I arrived on Bonaire with a singular mission: to pack my logbook with as many dives as possible over the course of a one-week trip.
This tiny, arid, boomerang-shaped island makes it easy: Miles of coastline offer 63 dive sites, most of them accessible by shore. Nestled into the crook of the boomerang is Klein Bonaire, an even-tinier uninhabited island ringed by 26 more sites accessible by boat. As I grab my rental pickup truck, complete with a tank rack in the bed, I realize I’ve got my work cut out for me.
I check in at famed Buddy Dive Resort, which lives and breathes all things diving, and has one feature in particular I can’t wait to experience — a drive-through tank-fill station where used tanks are exchanged for full ones, all from the comfort of the driver’s seat. But first things first. In 1979, the prescient Bonaire government established both Washington Slagbaai National Park and Bonaire National Marine Park, which protect Bonaire’s slice of the sea from the high-water mark to 200 feet in depth all around the island, a total of 6,672 acres of glorious water. And before each visitor’s checkout dive, he or she must attend a national-park orientation, pay a fee and get a token, which attaches to the BC like a talisman.
My orientation complete, I meet up with photographer and Alabama native Jen O’Neil and local divemaster Nolly Thode, my dive buddies for the week. O’Neil has a house on the island and a private 36-foot Newton dive boat, which she owns with her dad; the boat is perfect for whisking us to Bonaire’s sites.
Like everyone I meet this week, Jen was drawn to the island because of the spectacular underwater landscape, which I’m anxious to see for myself. We jump in for our checkout on Buddy’s house reef, which starts at about 20 feet. We drift lazily down to it over plentiful soft corals and sea fans, and immediately I spot trumpetfish, honeycomb cowfish and a pair of French angelfish, which seem to be eyeing us as intently as we are them.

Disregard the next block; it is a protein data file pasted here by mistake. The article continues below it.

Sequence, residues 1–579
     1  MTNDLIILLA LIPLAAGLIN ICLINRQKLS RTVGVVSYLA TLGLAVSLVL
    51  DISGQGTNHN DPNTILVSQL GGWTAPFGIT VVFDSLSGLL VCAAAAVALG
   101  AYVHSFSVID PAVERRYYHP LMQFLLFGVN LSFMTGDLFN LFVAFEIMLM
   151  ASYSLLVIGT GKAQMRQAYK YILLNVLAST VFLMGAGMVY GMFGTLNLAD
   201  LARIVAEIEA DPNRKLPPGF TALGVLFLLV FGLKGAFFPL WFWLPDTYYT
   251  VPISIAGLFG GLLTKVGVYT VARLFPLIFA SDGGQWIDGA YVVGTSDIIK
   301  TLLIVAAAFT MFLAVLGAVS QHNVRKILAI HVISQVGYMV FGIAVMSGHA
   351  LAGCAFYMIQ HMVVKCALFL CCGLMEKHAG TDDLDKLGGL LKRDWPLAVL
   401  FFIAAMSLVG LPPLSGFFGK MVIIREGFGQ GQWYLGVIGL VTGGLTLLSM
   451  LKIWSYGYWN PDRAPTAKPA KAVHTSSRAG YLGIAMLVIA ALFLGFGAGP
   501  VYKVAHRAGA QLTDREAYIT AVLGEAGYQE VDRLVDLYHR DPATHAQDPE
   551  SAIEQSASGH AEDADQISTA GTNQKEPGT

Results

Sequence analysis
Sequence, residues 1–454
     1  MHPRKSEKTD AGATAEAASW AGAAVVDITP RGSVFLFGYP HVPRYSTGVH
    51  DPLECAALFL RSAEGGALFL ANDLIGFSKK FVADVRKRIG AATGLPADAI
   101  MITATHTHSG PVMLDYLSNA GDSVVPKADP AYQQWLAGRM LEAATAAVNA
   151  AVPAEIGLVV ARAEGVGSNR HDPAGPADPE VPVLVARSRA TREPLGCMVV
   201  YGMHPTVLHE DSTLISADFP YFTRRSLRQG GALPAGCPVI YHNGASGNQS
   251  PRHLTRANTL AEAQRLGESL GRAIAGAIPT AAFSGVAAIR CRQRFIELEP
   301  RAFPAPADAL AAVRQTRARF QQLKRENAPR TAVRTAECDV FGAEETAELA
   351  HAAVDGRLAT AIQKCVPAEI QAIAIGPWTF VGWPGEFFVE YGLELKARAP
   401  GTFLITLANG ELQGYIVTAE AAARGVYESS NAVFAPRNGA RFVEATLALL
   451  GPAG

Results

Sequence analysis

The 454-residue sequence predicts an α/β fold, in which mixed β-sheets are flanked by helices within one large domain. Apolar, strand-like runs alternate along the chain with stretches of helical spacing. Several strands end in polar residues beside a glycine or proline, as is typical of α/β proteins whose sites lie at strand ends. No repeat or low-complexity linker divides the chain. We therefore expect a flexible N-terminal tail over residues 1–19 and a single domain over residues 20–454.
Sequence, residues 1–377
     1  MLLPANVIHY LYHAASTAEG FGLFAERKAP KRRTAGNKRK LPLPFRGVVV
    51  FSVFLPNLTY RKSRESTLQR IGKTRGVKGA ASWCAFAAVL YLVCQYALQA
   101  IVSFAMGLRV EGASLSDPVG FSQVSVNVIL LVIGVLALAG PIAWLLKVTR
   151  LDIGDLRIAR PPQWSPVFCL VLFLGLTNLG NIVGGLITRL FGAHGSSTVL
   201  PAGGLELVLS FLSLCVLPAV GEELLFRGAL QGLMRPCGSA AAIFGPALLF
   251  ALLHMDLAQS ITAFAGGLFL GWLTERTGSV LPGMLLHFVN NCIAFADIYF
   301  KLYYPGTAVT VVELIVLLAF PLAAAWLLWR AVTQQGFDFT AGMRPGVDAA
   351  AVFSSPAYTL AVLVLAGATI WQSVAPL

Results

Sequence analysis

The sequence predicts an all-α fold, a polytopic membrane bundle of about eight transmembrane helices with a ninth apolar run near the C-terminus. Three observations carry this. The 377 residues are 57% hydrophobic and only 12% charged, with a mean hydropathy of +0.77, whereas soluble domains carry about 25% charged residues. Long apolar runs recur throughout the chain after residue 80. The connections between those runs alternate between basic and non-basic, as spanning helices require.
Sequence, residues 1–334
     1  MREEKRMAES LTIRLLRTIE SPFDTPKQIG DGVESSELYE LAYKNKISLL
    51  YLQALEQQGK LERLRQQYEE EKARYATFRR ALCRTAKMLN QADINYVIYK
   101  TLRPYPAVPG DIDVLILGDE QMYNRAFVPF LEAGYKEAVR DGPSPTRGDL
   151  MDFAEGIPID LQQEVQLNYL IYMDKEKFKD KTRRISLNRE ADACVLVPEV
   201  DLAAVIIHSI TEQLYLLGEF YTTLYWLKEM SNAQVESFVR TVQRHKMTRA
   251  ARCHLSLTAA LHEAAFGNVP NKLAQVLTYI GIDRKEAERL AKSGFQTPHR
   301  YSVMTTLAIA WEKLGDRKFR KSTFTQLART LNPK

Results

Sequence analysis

Our second dive from the dock is just as satisfying, over a sloping underwater hill covered in brain and elkhorn coral, purple tube sponges and schools of curious jacks. For our third and fourth dives of the day, we motor over to Klein Bonaire on the Newton, and hit Carl’s Hill and Nearest Point — two more superlative sites. And though they’re no marquee species, I spot a cadre of my favorite reef dwellers: sweet little spotted trunkfish, whose pursed lips seem perpetually to be sucking on lemons. Maybe it’s the dusky sunlight hitting the reef, the flat sea, or the rainbow of orange and purple tube sponges and fairy basslets, but it’s going to be tough to beat this first day. Four dives down, 85 to go.
Another Day, Another Dive
On the second day, we hop on Jen’s Newton — complete with beanbags for surface intervals — and head south, hugging the coastline. We pass through the Kralendijk harbor, filled with sailboats sporting German, Norwegian and Venezuelan flags. Buildings on shore are painted sunny yellows and sherbet oranges, and owe their Dutch architecture to Bonaire’s long history as part of the Netherlands. Though the Dutch Antilles was dissolved in 2010, the island is still a Dutch municipality, as any visitor can attest to based solely on the sheer quantity of après-dive Heinekens available.
But first, we dive. Salt City is a part of the southern double-reef system where parallel reefs are separated by a sand channel. We drop in by boat on the inner reef, and head to around 70 feet over the second reef. We fin over a sandy bottom filled with garden eels that sway like crooked index fingers, but the highlight is a free-swimming green moray eel, at least five feet long, with a chip on his shoulder — it noses Jen’s camera more than once and follows us for 10 minutes, as if escorting us from his patch of real estate. Chastised, we surface and motor to our next site, Salt Pier.